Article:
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Re-Current | Uncovered
October 2, 2016 | 2 - 5 pm 

Second in its series, Re-Current was an event based work which explored the ever changing sociopolitical and physical landscape of lower Manhattan and its surrounding waters.


On October 2nd 2016 New Draft Collective hosted a three hour sail with 40 passengers aboard the schooner Pioneer. The curated program included sound performances from land to water, conversations led by artists and curators which uncover the diverse histories of the New York Harbor’s shoreline along with moments of recreation and leisure. 


Anchored by the performance piece “Voices Heard” the day’s events allowed for moments of reflective pause engaging the participatory passengers in a collective shared experience. The departure from the city brought forth new perspectives of the land illuminating a myriad historical exploration of cultural and physical evolution of the New York Harbor.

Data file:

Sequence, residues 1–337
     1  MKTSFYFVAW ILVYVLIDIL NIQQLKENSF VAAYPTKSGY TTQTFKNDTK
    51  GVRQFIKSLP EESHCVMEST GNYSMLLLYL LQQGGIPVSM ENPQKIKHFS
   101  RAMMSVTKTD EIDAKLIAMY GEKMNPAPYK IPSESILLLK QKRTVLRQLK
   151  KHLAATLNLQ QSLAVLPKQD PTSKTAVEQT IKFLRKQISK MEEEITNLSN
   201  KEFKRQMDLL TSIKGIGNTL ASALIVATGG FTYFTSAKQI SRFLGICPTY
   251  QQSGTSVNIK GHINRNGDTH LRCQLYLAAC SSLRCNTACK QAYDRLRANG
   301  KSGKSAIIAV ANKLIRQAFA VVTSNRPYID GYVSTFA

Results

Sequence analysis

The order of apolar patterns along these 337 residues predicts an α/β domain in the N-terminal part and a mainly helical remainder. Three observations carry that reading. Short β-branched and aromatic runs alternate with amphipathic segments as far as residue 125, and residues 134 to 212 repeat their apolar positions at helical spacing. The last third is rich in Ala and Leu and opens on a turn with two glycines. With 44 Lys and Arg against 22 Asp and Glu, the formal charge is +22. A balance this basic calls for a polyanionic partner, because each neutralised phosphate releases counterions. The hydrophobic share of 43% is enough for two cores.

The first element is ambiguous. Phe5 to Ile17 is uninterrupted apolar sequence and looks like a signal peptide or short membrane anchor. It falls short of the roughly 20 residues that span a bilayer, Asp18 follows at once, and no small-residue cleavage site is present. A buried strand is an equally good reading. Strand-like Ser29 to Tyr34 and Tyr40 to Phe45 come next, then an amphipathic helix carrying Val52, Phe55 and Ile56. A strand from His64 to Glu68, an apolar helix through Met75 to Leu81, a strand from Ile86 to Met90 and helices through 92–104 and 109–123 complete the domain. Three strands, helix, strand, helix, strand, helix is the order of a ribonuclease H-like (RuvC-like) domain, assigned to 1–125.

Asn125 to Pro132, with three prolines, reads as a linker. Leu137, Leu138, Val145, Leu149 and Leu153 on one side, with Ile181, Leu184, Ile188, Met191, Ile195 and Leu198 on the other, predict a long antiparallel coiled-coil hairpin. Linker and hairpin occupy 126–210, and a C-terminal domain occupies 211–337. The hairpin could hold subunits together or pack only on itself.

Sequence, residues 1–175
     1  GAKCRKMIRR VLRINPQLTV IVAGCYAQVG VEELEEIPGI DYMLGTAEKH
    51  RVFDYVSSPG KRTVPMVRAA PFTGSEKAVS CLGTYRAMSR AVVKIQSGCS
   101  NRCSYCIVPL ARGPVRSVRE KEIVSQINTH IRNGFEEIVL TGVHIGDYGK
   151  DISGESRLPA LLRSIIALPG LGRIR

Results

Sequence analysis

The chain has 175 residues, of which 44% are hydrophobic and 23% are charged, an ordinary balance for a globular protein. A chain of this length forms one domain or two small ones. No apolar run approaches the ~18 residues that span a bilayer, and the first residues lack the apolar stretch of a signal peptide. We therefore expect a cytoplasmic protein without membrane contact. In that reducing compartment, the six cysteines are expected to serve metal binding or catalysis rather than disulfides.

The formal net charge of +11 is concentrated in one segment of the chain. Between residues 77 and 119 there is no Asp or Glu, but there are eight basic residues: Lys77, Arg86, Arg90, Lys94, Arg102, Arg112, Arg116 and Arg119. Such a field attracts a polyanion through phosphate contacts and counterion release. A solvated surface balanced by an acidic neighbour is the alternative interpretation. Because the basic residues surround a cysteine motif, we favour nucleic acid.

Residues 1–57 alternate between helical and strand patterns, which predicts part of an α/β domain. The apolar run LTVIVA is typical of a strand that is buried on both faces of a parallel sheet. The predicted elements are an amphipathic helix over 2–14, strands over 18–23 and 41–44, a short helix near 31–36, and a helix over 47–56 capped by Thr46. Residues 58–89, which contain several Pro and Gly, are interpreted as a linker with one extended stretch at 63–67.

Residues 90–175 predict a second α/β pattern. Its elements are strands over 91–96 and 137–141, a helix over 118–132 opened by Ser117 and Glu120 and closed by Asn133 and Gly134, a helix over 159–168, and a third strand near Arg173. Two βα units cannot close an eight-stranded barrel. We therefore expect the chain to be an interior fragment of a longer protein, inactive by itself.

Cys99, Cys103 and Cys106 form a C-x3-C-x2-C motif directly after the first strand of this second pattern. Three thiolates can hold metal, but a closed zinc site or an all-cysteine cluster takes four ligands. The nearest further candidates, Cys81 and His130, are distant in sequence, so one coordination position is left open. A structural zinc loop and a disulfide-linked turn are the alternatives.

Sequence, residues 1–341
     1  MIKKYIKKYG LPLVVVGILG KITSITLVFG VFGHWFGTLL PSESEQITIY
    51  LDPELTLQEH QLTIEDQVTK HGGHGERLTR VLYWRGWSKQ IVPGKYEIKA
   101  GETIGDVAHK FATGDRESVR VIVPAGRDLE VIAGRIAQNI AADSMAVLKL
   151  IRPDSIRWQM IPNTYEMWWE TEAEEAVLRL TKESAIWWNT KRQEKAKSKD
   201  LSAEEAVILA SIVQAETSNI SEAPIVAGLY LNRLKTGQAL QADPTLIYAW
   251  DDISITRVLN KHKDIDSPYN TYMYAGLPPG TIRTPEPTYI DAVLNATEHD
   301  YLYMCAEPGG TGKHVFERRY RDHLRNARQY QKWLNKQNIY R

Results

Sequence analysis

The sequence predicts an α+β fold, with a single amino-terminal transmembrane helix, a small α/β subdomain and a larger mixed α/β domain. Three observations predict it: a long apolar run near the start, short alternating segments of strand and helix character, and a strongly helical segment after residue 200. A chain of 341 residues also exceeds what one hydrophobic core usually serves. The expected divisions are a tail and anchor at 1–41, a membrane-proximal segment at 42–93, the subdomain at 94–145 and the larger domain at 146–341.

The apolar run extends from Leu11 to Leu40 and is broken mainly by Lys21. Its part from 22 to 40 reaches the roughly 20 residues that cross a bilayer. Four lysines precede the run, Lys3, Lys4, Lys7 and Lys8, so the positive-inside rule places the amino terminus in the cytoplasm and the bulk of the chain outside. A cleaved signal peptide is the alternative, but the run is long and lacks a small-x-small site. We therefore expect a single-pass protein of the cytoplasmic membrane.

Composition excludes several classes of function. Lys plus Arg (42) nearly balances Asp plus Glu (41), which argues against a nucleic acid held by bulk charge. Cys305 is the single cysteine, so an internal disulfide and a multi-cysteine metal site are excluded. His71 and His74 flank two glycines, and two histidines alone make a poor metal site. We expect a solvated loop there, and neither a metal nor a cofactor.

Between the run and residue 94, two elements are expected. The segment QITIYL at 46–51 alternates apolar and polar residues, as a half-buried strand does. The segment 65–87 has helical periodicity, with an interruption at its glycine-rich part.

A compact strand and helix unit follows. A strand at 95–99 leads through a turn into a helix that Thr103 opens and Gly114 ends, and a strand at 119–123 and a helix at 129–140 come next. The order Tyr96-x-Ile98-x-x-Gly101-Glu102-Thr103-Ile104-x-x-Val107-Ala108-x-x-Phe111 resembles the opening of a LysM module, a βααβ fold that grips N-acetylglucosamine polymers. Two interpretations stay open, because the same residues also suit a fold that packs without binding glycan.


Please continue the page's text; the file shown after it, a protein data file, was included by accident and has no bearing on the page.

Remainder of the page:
New Draft Collective is a Fractured Atlas Project 

Pioneer was built as a sloop in Marcus Hook, Pennsylvania in 1885 to carry sand mined near the mouth of the Delaware Bay to an iron foundry in Chester, Pennsylvania. Ten years later she was re-rigged as a schooner. 

In the days before paved roads, small coastal schooners such as Pioneer were the delivery trucks of their era, carrying various cargoes between coastal communities: lumber and stone from the islands of Maine, brick on the Hudson River, and oyster shell on the Chesapeake Bay. Almost all American cargo sloops and schooners were wood, but because she was built in what was then this country’s center of iron shipbuilding, Pioneer had wrought-iron hull. She was the first of only two cargo sloops built of iron in this country, and is the only iron-hulled American merchant sailing vessel still in existence. 

By 1930, when new owners moved her from the Delaware River to Massachusetts, she had been fitted with an engine, and was no longer using sails. In 1966 she was substantially rebuilt and turned into a sailing vessel once again. Today she plies the waters of NY Harbor carrying adults and children instead of cargo in her current role as a piece of “living history.”

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